The scope of the DBA in McGrath, which was completed last fall, included removal of the UST and a small volume of contaminated soil. Once the excavation was complete, it was evident that the extent of contamination was not as bad as it could have been. The community worked with DEC to find a location near the local landfill where the excavated soil can be landspread and used for daily landfill cover material.

The partnerships between MNVC, DEC, Tanana Chiefs Conference, and the Interior Regional Housing Authority have positioned this project for success. DEC is pleased to have played a part in this unfolding brownfield success story, and we look forward to soon seeing a new tribal hall functioning as a community hub on the site once again.

Sonja Benson
Brownfield Program Specialist

Update: Fairview Manor Redevelopment Project Underway in Fairbanks

The ground has been broken and the buildings are going up on this site of the 1950s-era Fairview Manor Apartments in Fairbanks. The new structures are a colorful and clean contrast to the old dilapidated buildings, many of which had broken windows boarded up to prevent vandalism by trespassers. The new development project is the culmination of years of planning and negotiations between Glenn Gellert of the Weeks Field Development Group, the City of Fairbanks, and the owners.

The new affordable housing units contrast with the old Fairview Manor apartments to the right. Two of the old buildings have been demolished to make way for the new structures; the rest of them will follow as people are able to relocate to the new housing units.

The Alaska DEC Reuse and Redevelopment (R&R or Brownfield) Program and the U.S. Environmental Protection Agency (EPA) played a behind-the-scenes, although important, role in facilitating the redevelopment of the old Fairview Manor site in Fairbanks. This site, in the heart of Fairbanks, was recognized as a Brownfield and investors and financiers were scared away from it until DEC’s R&R Program solicited the services of EPA’s Brownfield Program, on behalf of the City of Fairbanks, for a Targeted Brownfield Assessment (TBA).

The TBA consisted of an environmental drilling program to clarify perceived environmental conditions associated with the historical property use. DEC’s R&R Program also completed site characterization offsite around the property on what was once Fairbanks's first airfield, Weeks Field. DEC and EPA partnered in providing comprehensive environmental data necessary for both construction and funding decisions. The assessment work verified that contamination that could have hindered proposed development plans was not present, allowing the work to move forward. Says Gellert, "As an affordable housing developer, I am used to working through government entities for assistance and this process with ADEC and EPA was one of the smoothest I have experienced."

For more information on this project and background on Weeks Field, see our Fall 2007 newsletter article.

John Carnahan
DEC Brownfield Coordinator

Beyond Brownfields: Finding Answers to your Solid Waste and Wastewater Questions

Whenever we travel to Alaska’s smaller rural communities, we are frequently asked about wastewater problems, such as old sewage lagoons or honey bucket bunkers, and open or eroding dumpsites. These are pervasive problems in many villages in Alaska, but unfortunately most of the time they do not fall under the Brownfield Program. The Alaska Department of Environmental Conservation’s (DEC’s) Reuse and Redevelopment (Brownfield) Program is housed within DEC’s Contaminated Sites Program. The Contaminated Sites Program focuses on managing sites that have had a release of a petroleum product or hazardous substance.

Circle Landfill, before closure.

The R&R/Brownfield Program is just one among many other programs within DEC. Other DEC resources available to the public include the Solid Waste and Wastewater Programs. The Solid Waste Program provides resources and technical assistance regarding solid waste management, closing out old landfills, or permitting new landfills. The Wastewater Program provides resources and technical assistance regarding wastewater discharges from permitted or non-permitted wastewater facilities, as well as advice on honey bucket issues, old sewage lagoons, or disinfection procedures for sewage releases.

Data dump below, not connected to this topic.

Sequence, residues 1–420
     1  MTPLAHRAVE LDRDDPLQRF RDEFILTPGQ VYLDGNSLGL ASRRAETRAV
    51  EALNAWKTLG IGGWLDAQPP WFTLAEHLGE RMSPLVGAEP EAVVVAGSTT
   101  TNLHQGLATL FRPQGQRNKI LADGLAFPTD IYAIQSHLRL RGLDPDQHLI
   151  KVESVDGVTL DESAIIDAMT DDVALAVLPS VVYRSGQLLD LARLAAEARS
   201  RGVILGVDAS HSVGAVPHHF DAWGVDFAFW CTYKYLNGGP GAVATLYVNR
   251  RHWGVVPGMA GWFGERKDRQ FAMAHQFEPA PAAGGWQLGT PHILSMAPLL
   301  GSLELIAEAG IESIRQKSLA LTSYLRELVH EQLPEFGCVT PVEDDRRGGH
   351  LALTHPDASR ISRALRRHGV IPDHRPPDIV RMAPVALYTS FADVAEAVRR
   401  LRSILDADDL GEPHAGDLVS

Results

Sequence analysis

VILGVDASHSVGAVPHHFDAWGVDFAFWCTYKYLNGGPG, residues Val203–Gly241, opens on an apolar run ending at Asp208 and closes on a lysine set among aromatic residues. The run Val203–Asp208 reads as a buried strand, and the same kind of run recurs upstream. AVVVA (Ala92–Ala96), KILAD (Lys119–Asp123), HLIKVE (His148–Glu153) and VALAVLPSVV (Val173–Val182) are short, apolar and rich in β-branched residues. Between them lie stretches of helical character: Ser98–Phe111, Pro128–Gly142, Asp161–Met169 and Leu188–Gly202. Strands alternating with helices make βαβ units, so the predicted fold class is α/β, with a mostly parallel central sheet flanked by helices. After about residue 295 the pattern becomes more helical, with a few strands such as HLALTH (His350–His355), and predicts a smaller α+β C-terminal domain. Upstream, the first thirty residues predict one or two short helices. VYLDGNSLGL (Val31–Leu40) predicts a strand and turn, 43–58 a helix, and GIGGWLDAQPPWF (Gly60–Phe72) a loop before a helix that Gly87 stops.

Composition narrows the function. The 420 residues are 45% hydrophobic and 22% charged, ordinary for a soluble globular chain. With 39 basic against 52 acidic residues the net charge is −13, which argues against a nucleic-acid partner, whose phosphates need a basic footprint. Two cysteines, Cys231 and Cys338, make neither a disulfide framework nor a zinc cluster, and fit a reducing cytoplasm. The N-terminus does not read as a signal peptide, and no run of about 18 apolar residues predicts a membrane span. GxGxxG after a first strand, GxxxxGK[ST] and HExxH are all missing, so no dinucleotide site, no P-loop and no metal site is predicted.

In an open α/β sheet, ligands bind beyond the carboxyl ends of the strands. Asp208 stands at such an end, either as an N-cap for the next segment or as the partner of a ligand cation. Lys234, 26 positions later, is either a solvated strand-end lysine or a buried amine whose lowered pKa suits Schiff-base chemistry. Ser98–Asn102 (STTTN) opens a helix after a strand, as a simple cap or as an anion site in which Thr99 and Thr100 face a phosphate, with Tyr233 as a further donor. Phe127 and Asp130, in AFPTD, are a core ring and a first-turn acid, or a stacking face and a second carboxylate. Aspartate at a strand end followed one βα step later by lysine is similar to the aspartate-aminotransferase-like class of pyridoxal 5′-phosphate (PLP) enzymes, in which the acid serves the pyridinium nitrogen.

These DEC resources are available for the benefit of all the residents of Alaska. If you have a question about solid waste or wastewater management, and it isn’t something covered by the R&R/Brownfield Program, please feel free to contact someone in one of these other programs. See below for a listing of state, federal, and other resources for solid waste and wastewater questions.

DEC Contacts

DEC Solid Waste Program: (907) 269-7802 (Anchorage)
or contact Linda Demientieff, Rural Solid Waste Specialist, in Fairbanks (907) 451-2174

Wastewater questions (non-permitted facilities and general questions):
Bill Smyth (907) 451-2177

Wastewater questions (permitted facilities): Contact person listed in permit   

DEC is an agency of the State of Alaska. The U.S. Environmental Protection Agency (EPA) is a federal agency that also provides resources, including training for landfill operators, and technical assistance for solid waste questions. The Denali Commission is another, independent federal agency that is focused on inter-agency cooperation to support remote Alaska communities. The Denali Commission's solid waste program provides funding for various projects, such as burn boxes,

Circle Landfill, after closure.

equipment, fencing, waste oil burners, and improvements to solid waste facilities.

EPA Solid Waste Contact: Joe Sarcone, Rural Sanitation Coordinator (907) 271-1316

Denali Commission Solid Waste Program: Gene Kane, Program Manager (907) 271-3025

Other programs, such as the Alaska Native Tribal Health Consortium (ANTHC) and Remote Maintenance Workers (RMW) Program, have designated engineers and RMWs assigned to each village. They are responsible for maintaining the wastewater facilities in the village and can get money to fix many of the problems that arise at these facilities. They also have money available to fix broken pumps or sewer lines and have emergency money to deal with these and other issues. The Alaska Rural Water Association (ARWA) provides training, education, and technical assistance to operators and individuals such as city managers who work with the water and wastewater systems in their communities.